### No backward legend

Reordering the elements of a legend in a way that differs from the sequence of the bars can cause confusion.

A legend should not be positioned below the chart as it gives readers the key to the information.

### The right sequence

A legend can be included in a multiple-bar chart to avoid cluttering the chart with labels.

The legend elements should be ordered in the same sequence as the bars for easier reference, avoiding additional work for the reader.

It is recommended that multiple-bar charts be limited to up to four categories. If there are more than five bars, it becomes difficult for the reader to visually compare and contrast them. This applies even if color is used. Using rainbow color bars can make it even more confusing.

When presenting a multiple-bar chart with three or four categories, it is advisable to use a legend to ensure a cleaner presentation, whereas using direct labeling is practical when there are only two categories.

## Broken bars and outliers

Do not adjust the height of a broken bar to match the others; outliers should stand out.

### Data sample is too small

Removing any data point from a data series with fewer than 12 data points is not advisable, as the sample size is too small to determine which data point is an outlier.

### Values too close

It is not recommended to break a bar if its value is only about two times the next largest value. Instead, extend the scale and plot it as a regular bar.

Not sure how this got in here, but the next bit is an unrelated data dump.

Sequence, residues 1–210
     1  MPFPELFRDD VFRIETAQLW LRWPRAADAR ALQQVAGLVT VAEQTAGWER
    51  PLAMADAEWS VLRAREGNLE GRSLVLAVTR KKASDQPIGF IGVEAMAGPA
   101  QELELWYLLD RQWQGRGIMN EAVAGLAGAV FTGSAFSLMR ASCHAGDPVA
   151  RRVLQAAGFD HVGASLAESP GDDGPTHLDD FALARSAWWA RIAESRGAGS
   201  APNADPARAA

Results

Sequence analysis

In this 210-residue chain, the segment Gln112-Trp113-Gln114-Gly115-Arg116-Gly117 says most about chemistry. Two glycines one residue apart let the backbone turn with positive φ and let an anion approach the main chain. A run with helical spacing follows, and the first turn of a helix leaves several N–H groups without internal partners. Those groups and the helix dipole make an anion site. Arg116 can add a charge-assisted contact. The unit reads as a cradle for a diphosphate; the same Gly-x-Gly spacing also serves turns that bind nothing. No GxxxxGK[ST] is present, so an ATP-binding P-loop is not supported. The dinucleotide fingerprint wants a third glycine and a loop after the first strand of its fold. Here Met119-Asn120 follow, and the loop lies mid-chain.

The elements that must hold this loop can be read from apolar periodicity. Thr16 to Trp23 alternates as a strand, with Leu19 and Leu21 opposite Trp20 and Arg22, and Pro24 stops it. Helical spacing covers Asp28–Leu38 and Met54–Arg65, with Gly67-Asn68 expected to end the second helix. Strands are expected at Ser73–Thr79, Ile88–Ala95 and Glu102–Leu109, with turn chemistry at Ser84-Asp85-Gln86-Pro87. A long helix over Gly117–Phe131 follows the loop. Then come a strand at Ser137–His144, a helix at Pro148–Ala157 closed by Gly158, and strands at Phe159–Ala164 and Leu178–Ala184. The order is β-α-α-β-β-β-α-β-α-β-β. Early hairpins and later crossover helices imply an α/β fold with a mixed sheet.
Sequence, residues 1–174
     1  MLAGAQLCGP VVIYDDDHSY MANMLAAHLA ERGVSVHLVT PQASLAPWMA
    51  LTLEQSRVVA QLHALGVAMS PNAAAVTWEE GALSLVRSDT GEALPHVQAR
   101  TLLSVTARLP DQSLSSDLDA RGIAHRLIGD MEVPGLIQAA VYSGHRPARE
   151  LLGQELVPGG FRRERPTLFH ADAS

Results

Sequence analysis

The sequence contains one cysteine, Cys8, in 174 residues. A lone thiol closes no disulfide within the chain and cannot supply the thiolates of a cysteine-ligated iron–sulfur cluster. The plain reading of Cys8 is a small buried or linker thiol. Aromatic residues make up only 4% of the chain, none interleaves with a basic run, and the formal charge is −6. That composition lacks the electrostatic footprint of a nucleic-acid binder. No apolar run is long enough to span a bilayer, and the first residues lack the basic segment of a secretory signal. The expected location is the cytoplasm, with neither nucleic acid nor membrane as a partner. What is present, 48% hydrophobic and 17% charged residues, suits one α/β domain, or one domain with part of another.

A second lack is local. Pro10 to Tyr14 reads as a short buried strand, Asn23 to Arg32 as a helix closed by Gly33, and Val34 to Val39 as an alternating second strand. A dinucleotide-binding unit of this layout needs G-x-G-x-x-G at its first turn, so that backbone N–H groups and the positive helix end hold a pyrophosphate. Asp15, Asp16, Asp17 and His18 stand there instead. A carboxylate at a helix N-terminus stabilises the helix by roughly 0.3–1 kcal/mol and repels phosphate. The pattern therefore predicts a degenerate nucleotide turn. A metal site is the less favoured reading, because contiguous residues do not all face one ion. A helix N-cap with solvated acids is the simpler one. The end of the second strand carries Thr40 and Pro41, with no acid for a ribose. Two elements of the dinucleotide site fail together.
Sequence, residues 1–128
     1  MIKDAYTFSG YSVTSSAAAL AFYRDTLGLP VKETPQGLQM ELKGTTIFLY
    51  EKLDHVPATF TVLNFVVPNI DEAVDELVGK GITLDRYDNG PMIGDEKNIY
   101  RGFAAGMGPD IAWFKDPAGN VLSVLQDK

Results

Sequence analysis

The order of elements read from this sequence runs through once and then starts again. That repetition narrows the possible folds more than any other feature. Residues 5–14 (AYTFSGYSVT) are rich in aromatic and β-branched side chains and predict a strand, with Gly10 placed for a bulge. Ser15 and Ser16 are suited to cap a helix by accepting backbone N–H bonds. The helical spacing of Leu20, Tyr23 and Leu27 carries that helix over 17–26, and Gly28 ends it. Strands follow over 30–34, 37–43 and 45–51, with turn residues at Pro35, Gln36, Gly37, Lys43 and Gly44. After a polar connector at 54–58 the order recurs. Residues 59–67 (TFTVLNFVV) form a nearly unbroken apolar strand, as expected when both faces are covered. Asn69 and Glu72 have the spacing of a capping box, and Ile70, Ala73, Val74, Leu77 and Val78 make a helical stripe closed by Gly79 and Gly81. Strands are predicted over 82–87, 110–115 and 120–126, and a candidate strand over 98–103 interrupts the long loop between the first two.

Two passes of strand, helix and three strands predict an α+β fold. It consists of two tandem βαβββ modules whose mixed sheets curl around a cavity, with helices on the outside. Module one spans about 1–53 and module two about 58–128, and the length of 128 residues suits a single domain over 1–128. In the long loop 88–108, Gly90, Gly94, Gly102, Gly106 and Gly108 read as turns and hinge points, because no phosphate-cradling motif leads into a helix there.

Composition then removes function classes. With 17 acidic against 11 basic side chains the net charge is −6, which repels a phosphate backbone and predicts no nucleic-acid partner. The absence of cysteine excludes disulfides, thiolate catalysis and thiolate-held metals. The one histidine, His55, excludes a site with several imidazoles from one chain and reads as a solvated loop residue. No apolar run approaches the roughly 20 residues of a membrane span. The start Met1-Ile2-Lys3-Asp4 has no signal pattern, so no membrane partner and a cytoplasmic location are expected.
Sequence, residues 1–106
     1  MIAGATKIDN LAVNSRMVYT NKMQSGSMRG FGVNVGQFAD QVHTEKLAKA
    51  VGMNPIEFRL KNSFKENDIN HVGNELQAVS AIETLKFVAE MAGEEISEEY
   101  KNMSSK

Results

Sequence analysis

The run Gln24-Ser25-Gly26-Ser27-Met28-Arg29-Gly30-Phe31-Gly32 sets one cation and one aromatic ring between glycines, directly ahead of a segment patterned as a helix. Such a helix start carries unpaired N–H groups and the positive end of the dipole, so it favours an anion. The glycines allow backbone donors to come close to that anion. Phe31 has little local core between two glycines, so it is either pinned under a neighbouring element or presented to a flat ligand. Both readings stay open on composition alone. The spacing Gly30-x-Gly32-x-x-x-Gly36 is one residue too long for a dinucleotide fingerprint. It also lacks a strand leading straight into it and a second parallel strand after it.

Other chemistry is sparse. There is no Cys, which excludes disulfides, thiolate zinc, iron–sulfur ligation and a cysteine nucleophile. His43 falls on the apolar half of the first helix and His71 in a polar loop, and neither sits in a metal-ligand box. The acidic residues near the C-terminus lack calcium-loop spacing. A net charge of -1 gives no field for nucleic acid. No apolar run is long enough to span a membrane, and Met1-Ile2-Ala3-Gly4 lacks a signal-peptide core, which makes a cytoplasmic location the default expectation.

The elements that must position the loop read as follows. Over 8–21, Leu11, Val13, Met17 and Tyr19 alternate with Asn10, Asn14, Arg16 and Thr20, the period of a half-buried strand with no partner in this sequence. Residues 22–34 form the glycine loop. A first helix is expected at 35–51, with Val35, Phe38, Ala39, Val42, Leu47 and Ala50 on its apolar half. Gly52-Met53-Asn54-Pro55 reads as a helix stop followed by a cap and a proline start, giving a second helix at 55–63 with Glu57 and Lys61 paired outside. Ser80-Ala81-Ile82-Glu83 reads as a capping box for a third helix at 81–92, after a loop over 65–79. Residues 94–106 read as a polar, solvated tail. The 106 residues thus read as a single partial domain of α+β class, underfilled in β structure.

### Use broken bars sparingly

A broken bar can be used in a vertical bar chart to represent an outlier. However, before breaking a bar, it is important to confirm...

✅ The data source has provided the accurate value for the outlier.

✅ There are a minimum of ten bars and only one value that falls significantly outside the expected range of the other values.

✅ The largest value is at least three times larger than any other.

✅ The data point representing last year's exceptional performance should not be diminished by using a broken bar.

Choose a y-axis scale that accommodates all bars except the outlier.

Make sure to label the broken bar's data points always.

## Summary

When depicting information segments, bar charts are often the most suitable option. Vertical bar charts are particularly effective for comparing distinct categorical or discrete variables, such as revenue, profit, or age groups, provided that there are not too many categories to compare. They are also highly useful for time series data. The x-axis labels have limited space but are perfect for displaying years, minutes, hours, or months.

Vertical bar charts are ideal for highlighting changes in magnitude, particularly when presenting data that describes components, frequency distribution, and time-series statistics.

The following article from the Data Visualization series will discuss horizontal bars in charts. Stay tuned and subscribe to our mailing list to ensure you get the following article on data visualization.

If you missed the previous four articles from the series, you can read them here: